Ability and skill rolls are totally not well-suited to Todd's game.  While technically compatible, they orient the players to the game all wrong.  My experience is that players get caught up in attempting to do stuff, and the intermittent rewards of the dice reinforce this.  So now the Hunting Horror is coming at me, and what am I thinking about?  I'm thinking about how difficult it should be for me to climb out this window, based on my Athletics and the GM's description of the window, which I will ask them to embellish as I grasp about for my most effective option.  My sense is that when Todd runs Hollow Earth Expedition, he does in fact use the game's pass/fail task mechanics, but no one gets hung up on optimizing their in-character striving because it's light-hearted and pulpy and they know they're not gonna die.  Cthulhu is the opposite of that.  And, indeed, when Todd runs Unknown Armies, I think his players roll only for Stress Checks.

Frankly, I think the more the players think about effectiveness options, the more Cthulhu gaming suffers*.  I think it's an ideal candidate to be run the way Todd runs Unknown Armies.

Ps,
-Dave

* Well, actually, that's an extreme simplification of what I think; longer version starts here.
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Ron Edwards
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« Reply #17 on: October 20, 2011, 10:15:15 AM »

Hi,

In another thread, I linked to a recent write-up I did called Setting and emergent stories; it's pretty focused on techniques for using settings, but my breakdown of story creation and role-playing might be good here. It turns out I cited Trail of Cthulhu as an example of explicit Participationist design, too.

Unknown Armies presents an interesting case. I cited it in the essay as at least having potential to be used for setting-heavy Story Now play, but I admit that is mainly wish-fulfillment on my part. In practice, I've found it to be designed practically exclusively for short-term, highly colorful, and quite Story Before play. Ken Hite, on the other hand, has GMed years-long, many-many-session games of Unknown Armies, so he'd be one to ask as well.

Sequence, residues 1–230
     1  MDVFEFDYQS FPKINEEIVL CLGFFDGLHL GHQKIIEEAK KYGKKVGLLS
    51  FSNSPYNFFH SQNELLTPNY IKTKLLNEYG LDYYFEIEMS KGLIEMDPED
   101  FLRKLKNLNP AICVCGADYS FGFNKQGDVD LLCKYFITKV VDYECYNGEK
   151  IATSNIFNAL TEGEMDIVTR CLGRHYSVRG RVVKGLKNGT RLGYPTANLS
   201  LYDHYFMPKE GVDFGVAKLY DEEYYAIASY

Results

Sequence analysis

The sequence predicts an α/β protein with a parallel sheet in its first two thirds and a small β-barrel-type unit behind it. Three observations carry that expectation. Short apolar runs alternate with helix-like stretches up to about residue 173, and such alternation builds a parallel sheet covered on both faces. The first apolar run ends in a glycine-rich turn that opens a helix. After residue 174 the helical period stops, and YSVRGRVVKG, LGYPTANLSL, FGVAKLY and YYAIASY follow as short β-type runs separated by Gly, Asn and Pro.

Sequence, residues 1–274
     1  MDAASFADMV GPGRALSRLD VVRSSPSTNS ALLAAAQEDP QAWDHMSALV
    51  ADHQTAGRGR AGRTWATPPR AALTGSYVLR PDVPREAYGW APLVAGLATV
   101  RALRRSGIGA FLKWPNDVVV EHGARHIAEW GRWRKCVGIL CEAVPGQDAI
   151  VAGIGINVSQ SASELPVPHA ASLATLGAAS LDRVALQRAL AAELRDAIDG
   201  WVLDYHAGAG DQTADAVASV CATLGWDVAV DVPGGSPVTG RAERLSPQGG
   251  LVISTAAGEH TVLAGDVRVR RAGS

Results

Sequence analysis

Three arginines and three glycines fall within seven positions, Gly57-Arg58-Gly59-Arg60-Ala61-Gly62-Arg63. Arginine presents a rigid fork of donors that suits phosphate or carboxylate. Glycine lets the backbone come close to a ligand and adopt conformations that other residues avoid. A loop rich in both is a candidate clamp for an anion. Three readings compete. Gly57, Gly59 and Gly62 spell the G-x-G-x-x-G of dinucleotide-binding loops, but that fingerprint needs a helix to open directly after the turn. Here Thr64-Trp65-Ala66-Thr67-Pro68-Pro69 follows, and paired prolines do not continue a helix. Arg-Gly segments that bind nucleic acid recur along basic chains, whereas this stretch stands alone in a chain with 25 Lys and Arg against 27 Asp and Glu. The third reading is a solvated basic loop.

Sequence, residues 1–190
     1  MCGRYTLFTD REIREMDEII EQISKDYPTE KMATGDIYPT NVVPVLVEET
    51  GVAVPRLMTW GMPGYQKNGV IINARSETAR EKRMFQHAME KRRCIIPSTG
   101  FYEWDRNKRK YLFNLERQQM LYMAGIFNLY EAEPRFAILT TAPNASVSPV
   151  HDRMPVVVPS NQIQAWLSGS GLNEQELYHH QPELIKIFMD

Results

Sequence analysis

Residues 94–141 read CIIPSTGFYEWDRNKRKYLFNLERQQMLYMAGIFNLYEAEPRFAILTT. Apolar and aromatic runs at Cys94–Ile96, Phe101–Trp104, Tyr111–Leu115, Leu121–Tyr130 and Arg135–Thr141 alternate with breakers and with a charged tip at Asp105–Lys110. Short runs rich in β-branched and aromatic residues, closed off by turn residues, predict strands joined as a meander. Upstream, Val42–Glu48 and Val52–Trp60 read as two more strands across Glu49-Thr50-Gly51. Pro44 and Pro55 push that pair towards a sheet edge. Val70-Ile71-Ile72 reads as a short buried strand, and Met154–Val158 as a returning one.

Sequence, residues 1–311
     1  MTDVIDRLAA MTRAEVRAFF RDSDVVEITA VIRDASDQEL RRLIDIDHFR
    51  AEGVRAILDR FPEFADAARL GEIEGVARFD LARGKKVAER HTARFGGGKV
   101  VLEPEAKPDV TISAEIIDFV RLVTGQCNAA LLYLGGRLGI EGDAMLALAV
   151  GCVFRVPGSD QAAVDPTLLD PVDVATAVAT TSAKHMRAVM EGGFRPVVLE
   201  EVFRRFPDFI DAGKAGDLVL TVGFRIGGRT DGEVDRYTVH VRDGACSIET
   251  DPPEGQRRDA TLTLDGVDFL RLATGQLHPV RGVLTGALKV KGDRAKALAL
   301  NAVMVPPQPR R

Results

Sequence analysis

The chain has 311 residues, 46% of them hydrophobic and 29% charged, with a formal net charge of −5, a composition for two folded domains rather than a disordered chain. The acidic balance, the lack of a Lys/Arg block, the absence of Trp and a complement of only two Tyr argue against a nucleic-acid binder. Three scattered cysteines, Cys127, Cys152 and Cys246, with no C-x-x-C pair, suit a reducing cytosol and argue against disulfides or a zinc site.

Best, Ron
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Dan Maruschak
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« Reply #18 on: October 20, 2011, 10:36:24 AM »

Dave, it seems to me that the tension in the type of games you're talking about is that the game's mechanics tell the players they can do one thing (e.g. shoot out the tires of a truck) but subtle and ambiguous social pressures tell them they need to do something else (e.g. "make a good movie", which apparently means "there must be a truck chase" if you have the right decoder ring). Is this the feature that you're trying to preserve or the bug that you're trying to fix? Games tell us all the time which things are valid and in-scope stakes for the resolution system, sometimes explicitly with mechanics and sometimes implicitly with setting or genre conventions (in DITV, nobody tries to travel back in time to fix the town before the problem began). It's perfectly possible to have pre-defined plot events as part of a game's design, too, as long as the rest of the game design doesn't conflict with that expectation.
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David Berg